Historical Mystery Timeline

There are a lot of historical mystery reviews on my blog – so I thought I’d do a chronological index. I’m not being too precise at the moment and this is a work in progress, so be patient. I’m also going to include major series by authors who I haven’t reviewed so far, in particular for older eras. There are probably too many twentieth century historicals to list, so I’ll just include those that I’ve read. Once we get past 1066 in the UK, I’ll classify them by monarch. For a series, I’ve given the name of the sleuth – for a one-off (including where I’ve only read one) then I’ve given the title of the book.

The Ancient World

Egypt – 2000 BC

Egypt – 1479 BC

Greece c. 334 BC

Rome – from 80 BC

Jerusalem 29 AD

Alexandria 36 AD

Rome from 69 AD

  • Falco – Lindsay Davis

Roman  Britain 91 AD

Bithynia c. 100 AD

Rome 313 AD

The Dark Ages

China c. 660 AD

Judge Dee – Robert Van Gulik

Ireland c. 666 AD

The Medieval World

William II (1087-1100)

Stephen (1135-1154)

Henry II (1154-1189)

Richard I (1189-1199)

Henry III (1216-1272)

Edward I (1272-1307)

Edward II (1307-1327)

Edward III (1327-1377)

Richard II (1377-1399)

Edward IV (1461-1470, 1471-1483)

Richard III (1483-1485)

House of Tudor

Henry VIII (1509-1547)

Mary I (1553-1558)

Elizabeth I (1558-1603)

House of Stuart (inc. Cromwell)

Charles I (1625-1649)

Oliver Cromwell (1649-1658)

Anne (1701-1714)

House of Hanover

George II (1727-1760)

George III (1760-1820)

George IV (1820-1830)

House of Saxe-Coburg & Gotha

Queen Victoria (1837-1901)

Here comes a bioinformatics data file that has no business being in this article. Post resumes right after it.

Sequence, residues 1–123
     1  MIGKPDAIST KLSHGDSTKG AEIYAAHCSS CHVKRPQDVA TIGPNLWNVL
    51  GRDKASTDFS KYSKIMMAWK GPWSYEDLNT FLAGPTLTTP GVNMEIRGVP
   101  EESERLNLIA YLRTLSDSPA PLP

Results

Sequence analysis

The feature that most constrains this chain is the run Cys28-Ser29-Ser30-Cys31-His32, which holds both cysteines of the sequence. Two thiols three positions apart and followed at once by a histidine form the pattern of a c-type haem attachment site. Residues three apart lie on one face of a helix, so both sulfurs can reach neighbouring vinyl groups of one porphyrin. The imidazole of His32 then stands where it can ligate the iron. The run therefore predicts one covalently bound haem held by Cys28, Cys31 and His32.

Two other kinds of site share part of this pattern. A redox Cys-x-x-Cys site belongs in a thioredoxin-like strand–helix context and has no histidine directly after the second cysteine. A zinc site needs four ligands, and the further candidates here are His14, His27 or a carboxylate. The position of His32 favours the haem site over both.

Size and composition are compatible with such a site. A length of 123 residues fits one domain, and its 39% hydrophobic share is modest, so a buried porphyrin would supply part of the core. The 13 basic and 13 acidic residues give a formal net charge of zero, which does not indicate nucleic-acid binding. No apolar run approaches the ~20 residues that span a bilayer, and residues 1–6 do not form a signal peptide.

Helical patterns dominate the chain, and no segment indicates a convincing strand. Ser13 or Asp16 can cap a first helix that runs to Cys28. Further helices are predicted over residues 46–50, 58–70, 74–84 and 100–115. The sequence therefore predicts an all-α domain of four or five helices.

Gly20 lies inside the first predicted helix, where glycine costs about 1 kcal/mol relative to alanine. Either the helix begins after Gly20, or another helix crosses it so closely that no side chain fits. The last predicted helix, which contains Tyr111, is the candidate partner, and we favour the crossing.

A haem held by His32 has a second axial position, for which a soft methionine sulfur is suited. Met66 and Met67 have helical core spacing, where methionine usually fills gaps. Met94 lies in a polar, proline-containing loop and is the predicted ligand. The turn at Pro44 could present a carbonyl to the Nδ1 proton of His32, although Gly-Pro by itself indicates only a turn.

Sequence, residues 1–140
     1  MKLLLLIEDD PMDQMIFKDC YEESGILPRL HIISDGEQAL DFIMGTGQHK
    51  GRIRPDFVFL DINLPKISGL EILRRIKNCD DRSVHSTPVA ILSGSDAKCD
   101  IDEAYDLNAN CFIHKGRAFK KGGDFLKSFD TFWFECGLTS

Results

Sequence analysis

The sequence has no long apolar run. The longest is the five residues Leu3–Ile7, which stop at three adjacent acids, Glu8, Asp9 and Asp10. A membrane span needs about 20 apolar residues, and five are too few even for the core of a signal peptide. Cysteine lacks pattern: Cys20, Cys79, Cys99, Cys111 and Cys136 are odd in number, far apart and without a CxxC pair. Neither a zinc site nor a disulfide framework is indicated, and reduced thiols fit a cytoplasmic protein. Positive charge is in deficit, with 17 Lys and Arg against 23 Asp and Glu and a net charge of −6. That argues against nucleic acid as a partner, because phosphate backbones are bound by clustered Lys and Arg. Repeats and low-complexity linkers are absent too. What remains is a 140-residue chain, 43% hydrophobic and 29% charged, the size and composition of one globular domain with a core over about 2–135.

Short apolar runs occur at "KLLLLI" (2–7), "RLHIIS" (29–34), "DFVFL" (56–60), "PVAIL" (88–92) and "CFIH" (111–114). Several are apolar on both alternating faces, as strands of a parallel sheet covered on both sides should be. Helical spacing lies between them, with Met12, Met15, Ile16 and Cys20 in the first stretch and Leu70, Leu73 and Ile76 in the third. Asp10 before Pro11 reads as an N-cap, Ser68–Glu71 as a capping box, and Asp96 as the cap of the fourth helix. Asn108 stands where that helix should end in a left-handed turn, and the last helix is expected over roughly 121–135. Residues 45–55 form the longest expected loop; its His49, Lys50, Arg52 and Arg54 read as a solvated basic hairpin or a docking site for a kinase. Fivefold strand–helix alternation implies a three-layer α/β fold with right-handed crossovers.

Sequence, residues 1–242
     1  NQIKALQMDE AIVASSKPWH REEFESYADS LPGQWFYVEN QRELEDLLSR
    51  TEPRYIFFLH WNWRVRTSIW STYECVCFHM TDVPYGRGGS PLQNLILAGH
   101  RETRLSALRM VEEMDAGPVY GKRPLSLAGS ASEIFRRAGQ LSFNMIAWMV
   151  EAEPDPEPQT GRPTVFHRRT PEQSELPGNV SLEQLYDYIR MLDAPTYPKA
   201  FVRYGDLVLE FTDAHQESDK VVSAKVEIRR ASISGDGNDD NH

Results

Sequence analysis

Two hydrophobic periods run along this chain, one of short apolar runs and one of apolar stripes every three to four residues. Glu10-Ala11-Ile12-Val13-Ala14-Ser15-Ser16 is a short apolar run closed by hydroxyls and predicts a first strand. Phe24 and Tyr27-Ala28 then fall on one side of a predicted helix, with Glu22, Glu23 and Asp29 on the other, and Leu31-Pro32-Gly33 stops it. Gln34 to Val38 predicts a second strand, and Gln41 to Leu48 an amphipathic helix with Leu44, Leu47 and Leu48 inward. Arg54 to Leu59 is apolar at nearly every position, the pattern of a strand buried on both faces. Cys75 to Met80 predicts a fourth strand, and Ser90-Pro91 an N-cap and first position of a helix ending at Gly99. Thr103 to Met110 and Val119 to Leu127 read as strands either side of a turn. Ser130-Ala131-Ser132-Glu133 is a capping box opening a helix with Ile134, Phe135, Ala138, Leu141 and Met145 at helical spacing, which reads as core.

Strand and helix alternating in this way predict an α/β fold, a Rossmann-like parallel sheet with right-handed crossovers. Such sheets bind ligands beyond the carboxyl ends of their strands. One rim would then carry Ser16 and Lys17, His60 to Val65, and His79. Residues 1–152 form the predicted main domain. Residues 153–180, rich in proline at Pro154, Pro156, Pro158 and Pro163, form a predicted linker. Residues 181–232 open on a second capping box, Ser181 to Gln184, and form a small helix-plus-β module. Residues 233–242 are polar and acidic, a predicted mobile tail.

Early Twentieth Century

European Historical Mysteries

US Historical Mysteries


  1. This is a godsend. I lead a mystery discussion group at the library and want to do “the history of England in mysteries” for 2014. I know I want to start with Brother Cadfael and probably end with either Maisie Dobbs or Inspector Ian Rutledge, but I hadn’t filled in the middle yet. Your timeline will be a big help. You might want to try Bruce Alexander’s Sir John Fielding series if you haven’t yet, set in the reign of George III.


  2. I’ll make a note of that series, but I’m concentrating on fleshing out the medieval section at the moment – my personal favourite era. Do keep checking on this timeline as I find I’m constantly updating it.


  3. Hi – Love this list; love the blog. But may I point out a slight error above? I believe you mean “Gordianus the Finder,” rather than “Gordianus the Finger.” :))


  4. Where is Claudia Seferis, Marilyn Todd’s Roman woman of mystery? The first, I Claudia, is dated 13 BC. I’m a bit behind with catching up on this series, but she’s terrific and should be on this list!


  5. Claudia Seferius. My bad! I’m just reading a very hard to get copy of Virgin Territory from my To Be read pile,, and it’s a cracker.


  6. Thanks for the list! I have a historical mystery, LONE STAR DEATH, featuring a young woman newspaper editor in 1880s central Texas. Available on Amazon in both Kindle and paperback. Written under the name “B.A. Neal.”


  7. You have listed the Jack Haldean series twice. They are good but not so good as to deserve that.

    There are a few historical mysteries by Carr missing.


  8. Edward Marston also has a very good Domesday series of books set in the time of William the Conqueror, which would fill a gap.


    • Yes, thanks for that. I’ve become aware of these and keep meaning to try one. I’ve been a little put off by a couple of his other historical books in the past – one of the train ones and an Elizabethan one, but it’s on the radar


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